Fifth Sunday in Lent – Year C

As we go on in life we tend to set a higher value on the virtue of kindness — plain, ordinary, everyday kindness. When we look back on our lives we remember with regret acts of unkindness. But we recall fondly times when we acted kindly. Kindness is essential to true justice. Jesus was especially kind to individuals whom he was called to judge. The classic example is the woman caught in adultery.

The story warns us against being too quick to take the high moral ground. Which of us is without sin? We must learn from the example of Jesus. He condemned the woman’s sin, but refused to condemn her. It’s not that sin didn’t matter to him. It did. But he distinguished between the sin and the sinner. He condemned the sin but pardoned the sinner.

And his over-riding motive in all of this was compassion. The holier a person is the less he / she is inclined to judge others. In every human being there is a dimension which escapes the powers of judgment of any other human being.

Jesus refused to condemn her. But he did say to her, “Go and sin no more.” In other words, he didn’t deny her sin. He got her to own it and take responsibility for it. It’s much easier to deny it, to excuse it, or blame it on others. When one faces it and deals with it, there is no more blame, or regret, or remorse, or despair.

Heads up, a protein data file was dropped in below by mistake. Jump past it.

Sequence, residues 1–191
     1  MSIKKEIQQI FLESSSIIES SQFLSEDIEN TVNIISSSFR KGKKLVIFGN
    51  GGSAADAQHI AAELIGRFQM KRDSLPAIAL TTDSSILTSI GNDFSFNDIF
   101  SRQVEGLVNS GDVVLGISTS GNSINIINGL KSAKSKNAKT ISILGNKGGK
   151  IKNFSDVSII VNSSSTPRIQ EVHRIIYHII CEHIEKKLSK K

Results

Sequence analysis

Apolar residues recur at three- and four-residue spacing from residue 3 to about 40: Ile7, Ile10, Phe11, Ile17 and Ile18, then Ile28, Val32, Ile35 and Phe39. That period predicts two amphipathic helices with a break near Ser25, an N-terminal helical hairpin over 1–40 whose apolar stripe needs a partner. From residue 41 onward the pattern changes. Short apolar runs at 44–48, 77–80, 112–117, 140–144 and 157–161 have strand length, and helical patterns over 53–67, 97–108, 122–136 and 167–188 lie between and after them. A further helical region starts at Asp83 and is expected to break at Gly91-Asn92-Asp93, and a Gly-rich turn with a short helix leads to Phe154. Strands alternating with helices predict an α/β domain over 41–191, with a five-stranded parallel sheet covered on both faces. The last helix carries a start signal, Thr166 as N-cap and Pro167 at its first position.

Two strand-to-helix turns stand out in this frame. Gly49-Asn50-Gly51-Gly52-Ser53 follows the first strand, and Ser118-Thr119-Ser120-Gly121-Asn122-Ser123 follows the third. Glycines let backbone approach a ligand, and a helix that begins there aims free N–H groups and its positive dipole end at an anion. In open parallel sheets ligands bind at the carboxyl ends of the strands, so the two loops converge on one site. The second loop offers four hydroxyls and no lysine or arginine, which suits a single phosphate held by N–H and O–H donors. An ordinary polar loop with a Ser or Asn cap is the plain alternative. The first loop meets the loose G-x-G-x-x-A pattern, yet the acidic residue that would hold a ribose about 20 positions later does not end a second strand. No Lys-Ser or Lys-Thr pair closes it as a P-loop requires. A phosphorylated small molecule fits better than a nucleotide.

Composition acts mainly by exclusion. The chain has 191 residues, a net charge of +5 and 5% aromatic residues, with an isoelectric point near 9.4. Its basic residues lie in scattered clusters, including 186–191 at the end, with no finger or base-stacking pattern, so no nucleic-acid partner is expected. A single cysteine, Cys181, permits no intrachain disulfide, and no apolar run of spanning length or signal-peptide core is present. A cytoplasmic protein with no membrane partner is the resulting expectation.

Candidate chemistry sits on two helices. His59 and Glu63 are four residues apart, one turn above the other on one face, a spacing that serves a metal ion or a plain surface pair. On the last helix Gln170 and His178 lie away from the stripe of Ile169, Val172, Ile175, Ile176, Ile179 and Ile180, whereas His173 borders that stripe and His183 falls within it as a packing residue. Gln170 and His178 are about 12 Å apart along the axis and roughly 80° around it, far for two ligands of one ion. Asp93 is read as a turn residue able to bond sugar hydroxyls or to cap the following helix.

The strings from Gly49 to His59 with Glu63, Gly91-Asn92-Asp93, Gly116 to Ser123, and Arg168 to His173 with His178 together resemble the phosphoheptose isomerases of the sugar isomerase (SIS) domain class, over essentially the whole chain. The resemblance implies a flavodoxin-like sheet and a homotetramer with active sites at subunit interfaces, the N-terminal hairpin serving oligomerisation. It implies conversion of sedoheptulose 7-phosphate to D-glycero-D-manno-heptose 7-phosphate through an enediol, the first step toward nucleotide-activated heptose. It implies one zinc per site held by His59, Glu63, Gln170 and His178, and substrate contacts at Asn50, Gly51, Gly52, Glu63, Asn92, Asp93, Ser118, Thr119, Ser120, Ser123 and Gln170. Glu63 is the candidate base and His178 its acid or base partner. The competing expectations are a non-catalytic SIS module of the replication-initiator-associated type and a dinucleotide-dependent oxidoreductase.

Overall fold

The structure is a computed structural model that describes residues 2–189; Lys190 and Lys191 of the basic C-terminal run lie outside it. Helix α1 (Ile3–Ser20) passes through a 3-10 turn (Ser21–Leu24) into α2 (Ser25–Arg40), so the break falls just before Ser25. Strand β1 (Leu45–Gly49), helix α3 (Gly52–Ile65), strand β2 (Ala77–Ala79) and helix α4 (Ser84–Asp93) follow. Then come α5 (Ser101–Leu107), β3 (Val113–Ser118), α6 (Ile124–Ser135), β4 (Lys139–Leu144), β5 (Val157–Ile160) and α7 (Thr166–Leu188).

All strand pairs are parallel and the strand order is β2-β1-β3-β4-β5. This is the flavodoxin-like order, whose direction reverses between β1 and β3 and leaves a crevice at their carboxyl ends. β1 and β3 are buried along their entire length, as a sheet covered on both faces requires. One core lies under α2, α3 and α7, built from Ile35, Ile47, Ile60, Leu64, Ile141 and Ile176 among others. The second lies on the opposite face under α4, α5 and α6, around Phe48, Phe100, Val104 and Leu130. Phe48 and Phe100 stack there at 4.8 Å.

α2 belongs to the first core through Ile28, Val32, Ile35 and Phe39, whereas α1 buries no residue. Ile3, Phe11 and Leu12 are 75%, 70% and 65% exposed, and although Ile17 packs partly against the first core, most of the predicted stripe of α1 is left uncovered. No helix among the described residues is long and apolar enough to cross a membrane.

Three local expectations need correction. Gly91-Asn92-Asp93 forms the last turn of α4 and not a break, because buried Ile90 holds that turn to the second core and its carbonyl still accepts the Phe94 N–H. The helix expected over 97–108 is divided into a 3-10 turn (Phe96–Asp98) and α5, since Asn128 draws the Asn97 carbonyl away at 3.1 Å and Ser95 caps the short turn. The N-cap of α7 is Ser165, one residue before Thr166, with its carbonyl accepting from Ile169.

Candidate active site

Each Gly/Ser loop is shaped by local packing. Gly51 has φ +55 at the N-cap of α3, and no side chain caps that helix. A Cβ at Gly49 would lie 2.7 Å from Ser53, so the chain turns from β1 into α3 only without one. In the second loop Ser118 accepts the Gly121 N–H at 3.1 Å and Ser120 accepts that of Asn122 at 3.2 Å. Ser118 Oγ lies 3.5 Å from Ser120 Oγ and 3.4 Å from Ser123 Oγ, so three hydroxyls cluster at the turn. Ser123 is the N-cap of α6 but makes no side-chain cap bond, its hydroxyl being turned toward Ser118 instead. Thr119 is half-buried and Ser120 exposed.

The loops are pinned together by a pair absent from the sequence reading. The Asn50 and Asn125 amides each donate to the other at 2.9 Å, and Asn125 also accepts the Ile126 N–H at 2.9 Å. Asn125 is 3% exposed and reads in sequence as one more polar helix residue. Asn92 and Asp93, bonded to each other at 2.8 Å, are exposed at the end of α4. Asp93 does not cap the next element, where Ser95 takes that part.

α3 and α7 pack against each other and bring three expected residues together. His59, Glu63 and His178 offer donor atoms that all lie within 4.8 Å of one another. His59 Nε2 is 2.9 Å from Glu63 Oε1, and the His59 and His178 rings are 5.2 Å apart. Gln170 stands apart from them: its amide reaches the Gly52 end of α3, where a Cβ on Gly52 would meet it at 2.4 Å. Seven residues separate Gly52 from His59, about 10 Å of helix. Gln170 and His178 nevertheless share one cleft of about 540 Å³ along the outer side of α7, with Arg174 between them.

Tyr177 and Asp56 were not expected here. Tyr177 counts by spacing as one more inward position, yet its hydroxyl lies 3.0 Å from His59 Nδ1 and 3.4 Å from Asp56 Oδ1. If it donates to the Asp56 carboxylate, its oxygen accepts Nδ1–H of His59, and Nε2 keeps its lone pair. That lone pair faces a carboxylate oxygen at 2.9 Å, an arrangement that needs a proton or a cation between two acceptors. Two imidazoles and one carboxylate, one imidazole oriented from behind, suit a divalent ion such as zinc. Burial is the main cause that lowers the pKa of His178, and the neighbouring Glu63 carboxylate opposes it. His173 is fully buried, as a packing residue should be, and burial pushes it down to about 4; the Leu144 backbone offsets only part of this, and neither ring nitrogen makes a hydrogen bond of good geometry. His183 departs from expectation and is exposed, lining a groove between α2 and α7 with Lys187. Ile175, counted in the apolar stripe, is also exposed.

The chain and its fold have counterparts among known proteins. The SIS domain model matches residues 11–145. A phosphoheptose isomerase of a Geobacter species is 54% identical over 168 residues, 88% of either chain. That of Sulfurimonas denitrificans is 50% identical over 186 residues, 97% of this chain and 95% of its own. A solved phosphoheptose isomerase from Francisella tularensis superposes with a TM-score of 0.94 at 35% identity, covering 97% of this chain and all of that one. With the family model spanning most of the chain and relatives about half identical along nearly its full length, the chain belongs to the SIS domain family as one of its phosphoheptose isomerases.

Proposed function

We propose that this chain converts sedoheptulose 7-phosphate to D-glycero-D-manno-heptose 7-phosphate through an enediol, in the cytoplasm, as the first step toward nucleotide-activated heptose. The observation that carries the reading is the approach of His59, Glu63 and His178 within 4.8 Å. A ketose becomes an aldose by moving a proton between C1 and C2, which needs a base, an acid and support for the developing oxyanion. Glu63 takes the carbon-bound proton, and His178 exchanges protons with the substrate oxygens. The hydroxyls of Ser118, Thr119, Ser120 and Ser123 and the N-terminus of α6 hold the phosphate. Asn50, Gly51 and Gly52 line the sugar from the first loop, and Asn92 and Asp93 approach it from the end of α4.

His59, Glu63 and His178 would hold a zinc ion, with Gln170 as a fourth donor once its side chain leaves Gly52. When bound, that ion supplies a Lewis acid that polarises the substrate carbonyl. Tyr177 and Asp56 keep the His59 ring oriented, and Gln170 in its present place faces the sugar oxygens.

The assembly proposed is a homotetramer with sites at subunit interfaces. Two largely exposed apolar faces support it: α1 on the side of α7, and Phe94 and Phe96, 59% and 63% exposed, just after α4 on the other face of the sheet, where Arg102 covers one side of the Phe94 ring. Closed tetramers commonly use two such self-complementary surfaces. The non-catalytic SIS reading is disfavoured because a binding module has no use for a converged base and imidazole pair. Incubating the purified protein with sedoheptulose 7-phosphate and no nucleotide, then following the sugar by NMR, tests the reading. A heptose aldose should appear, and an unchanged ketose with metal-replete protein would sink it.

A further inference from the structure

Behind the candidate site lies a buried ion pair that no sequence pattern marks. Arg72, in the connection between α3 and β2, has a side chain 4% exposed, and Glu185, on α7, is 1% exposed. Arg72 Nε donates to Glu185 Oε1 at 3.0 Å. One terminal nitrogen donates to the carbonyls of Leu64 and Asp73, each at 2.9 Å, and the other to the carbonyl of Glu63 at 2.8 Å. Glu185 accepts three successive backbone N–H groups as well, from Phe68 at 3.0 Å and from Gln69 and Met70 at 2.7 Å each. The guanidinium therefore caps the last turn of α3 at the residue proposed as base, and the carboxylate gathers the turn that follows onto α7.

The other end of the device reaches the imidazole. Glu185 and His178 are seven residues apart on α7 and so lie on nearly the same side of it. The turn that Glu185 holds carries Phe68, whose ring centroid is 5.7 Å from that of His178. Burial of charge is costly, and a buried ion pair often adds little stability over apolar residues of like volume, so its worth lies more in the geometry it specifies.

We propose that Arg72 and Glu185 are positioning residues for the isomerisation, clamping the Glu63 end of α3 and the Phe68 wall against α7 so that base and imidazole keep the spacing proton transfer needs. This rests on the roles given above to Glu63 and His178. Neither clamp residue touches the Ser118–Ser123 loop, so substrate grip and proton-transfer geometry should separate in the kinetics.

The compassion and forgiveness of Jesus give life. The woman went away free – free to change her behavior, and to regain her self-respect. Jesus reminds us that people are capable of changing if given the chance.

The mission of the Church is to be a place of forgiveness so that those who fail (all of us in different ways and degrees) may experience the love and compassion of the One who refused to condemn. The Church ought to be a community of grace, a community free from legalism, a community which will not condemn but which will love, a community which is more concerned about mercy than justice.

One day a mother came to plead with Napoleon for her son’s life. The young man had committed a serious offense. The law was clear. Justice demanded his death. The emperor was determined to ensure that justice would be done. But the mother insisted, “Your Excellency, I have come to ask for mercy not for justice.”

“But he does not deserve mercy,” Napoleon answered.

“Your Excellency,” said the mother, “it would not be mercy if he deserved it.”

“So be it,” said Napoleon. “I will have mercy on him.” And he set her son free.

Mercy, of its nature, is pure gift. It is something we all stand in need of, and hence it is something we must be ready to extend to others. The Lord said, ‘Blessed are the merciful; they will obtain mercy.

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